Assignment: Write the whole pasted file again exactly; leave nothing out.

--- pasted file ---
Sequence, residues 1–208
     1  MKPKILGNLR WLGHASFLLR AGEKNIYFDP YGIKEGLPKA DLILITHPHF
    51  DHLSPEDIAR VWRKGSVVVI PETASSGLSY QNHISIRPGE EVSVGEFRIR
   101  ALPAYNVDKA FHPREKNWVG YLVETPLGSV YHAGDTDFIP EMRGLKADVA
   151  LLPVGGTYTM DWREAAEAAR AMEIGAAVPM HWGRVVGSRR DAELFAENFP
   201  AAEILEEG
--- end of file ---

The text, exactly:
Sequence, residues 1–208
     1  MKPKILGNLR WLGHASFLLR AGEKNIYFDP YGIKEGLPKA DLILITHPHF
    51  DHLSPEDIAR VWRKGSVVVI PETASSGLSY QNHISIRPGE EVSVGEFRIR
   101  ALPAYNVDKA FHPREKNWVG YLVETPLGSV YHAGDTDFIP EMRGLKADVA
   151  LLPVGGTYTM DWREAAEAAR AMEIGAAVPM HWGRVVGSRR DAELFAENFP
   201  AAEILEEG